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Breakdown of photosynthetic pigments and lipids in spinach leaves with ozone fumigation: Role of active oxygens


  • T. Sakaki (reprint requests) et al.

  • Protein was determined according to Lowry et al. (1951).


In spinach (Spinacia oleracea L. cv. New Asia) plants fumigated with ozone in light, destruction of chlorophylls and carotenoids and formation of malondialdehyde (MDA), an indicator of lipid peroxidation, were observed. Chlorophyll a and carotenoids in leaves started to be broken down 6–8 h after the commencement of 0.5 ppm ozone fumigation, whereas MDA formation in leaves increased linearly for the initial 8 h of fumigation followed by a more rapid increase. In leaf discs excised from 6-h fumigated plants, destruction of chlorophyll a and carotenoids and MDA formation proceeded in the light but were almost completely suppressed under an anaerobic condition. Effects of exogenously applied scavengers of active oxygen species suggest that active oxygens, especially superoxide radical (O2-), participated in both the destruction of chlorophyll a and carotenoids and the formation of MDA. Ozone fumigation reduced the levels of endogenous scavengers of O2-, superoxide dismutase (SOD) and L-ascorbate, in leaves to one-half the initial levels each by 3.5 and 8 h fumigation, respectively. The results indicate that the photosynthetic pigments and lipids were broken down by active oxygens accumulated in leaves as a result of the ozone-induced destruction of physiological defense against oxygen toxicity.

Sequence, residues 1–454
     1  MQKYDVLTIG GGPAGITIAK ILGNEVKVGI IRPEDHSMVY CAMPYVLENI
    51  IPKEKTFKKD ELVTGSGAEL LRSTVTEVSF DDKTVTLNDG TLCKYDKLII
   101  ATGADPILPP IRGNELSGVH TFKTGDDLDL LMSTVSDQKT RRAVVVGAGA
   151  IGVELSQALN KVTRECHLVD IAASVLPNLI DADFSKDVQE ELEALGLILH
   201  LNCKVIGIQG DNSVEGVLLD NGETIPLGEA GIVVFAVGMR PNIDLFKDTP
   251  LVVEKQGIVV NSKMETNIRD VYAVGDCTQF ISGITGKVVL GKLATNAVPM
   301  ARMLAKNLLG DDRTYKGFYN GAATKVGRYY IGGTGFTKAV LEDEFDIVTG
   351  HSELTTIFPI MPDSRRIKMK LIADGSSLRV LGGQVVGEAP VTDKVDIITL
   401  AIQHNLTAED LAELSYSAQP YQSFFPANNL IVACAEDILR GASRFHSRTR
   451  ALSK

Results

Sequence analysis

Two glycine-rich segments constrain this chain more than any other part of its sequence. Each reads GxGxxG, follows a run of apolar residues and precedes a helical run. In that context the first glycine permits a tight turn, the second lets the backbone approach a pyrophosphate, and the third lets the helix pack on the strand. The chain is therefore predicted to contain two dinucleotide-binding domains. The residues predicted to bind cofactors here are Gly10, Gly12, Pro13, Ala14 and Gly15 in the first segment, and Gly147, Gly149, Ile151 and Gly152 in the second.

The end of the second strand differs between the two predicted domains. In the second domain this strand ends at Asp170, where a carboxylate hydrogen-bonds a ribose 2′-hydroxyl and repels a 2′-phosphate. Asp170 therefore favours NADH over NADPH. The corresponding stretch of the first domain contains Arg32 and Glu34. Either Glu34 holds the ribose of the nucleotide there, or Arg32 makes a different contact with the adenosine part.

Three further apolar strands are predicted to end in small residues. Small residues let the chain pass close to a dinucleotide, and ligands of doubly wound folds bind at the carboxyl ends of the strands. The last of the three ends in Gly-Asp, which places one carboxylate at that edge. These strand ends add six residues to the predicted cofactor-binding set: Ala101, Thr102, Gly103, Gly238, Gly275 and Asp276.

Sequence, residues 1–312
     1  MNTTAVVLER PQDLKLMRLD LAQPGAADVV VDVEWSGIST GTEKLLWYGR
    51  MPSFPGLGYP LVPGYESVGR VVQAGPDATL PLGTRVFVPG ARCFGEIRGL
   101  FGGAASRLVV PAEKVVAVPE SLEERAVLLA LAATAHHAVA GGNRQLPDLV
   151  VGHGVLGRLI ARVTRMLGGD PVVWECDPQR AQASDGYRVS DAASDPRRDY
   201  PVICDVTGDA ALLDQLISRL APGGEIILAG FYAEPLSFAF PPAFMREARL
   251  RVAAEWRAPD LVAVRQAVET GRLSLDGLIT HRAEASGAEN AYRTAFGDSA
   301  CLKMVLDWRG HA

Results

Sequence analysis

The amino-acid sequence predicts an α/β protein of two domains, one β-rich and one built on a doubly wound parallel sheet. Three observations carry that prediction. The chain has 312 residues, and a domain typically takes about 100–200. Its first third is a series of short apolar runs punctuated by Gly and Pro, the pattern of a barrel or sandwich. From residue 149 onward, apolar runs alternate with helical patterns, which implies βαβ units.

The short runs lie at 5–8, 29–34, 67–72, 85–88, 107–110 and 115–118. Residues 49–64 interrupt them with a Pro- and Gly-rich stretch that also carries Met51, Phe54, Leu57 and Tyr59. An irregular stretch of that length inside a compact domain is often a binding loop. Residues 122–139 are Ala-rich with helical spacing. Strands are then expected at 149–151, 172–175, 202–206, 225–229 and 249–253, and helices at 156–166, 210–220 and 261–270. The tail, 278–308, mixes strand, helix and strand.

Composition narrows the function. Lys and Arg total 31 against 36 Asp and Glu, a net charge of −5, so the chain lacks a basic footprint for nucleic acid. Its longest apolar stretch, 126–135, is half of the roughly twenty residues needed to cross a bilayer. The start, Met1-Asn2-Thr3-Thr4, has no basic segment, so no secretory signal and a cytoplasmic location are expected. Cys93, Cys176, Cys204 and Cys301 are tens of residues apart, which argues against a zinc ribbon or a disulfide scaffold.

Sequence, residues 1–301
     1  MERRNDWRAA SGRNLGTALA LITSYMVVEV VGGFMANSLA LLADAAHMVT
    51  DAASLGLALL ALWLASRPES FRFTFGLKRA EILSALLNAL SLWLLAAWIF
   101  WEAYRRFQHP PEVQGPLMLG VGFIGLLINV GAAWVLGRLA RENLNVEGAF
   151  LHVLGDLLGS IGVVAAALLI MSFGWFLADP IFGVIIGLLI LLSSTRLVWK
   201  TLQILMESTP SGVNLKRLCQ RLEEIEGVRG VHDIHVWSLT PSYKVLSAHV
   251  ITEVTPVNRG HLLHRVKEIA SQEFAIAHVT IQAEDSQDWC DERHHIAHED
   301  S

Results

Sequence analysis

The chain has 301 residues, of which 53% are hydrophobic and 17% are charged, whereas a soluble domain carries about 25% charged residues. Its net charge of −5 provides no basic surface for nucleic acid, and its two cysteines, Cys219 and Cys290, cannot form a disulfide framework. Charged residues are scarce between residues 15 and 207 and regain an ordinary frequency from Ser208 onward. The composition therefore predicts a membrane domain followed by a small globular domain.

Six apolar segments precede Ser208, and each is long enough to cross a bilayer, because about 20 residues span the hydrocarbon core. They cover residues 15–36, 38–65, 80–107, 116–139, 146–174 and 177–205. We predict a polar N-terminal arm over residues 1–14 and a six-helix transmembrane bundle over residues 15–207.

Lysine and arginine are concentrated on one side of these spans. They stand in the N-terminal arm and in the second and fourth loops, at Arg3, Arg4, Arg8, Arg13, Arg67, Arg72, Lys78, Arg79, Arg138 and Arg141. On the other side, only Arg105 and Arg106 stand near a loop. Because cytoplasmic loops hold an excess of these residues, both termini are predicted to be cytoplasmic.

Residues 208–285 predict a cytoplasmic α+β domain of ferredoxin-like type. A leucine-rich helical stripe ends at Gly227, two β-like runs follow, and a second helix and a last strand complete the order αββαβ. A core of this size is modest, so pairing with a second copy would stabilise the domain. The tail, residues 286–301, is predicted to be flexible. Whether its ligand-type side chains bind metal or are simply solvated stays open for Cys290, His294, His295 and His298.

Activity of polyphenol oxidase in chloroplast membranes of 4-h fumigated leaves increased to 240% of the initial level, suggesting that the thylakoid membranes had been affected severely before the pigment destruction. The relations between the pigment destruction and the disintegration of thylakoids are discussed.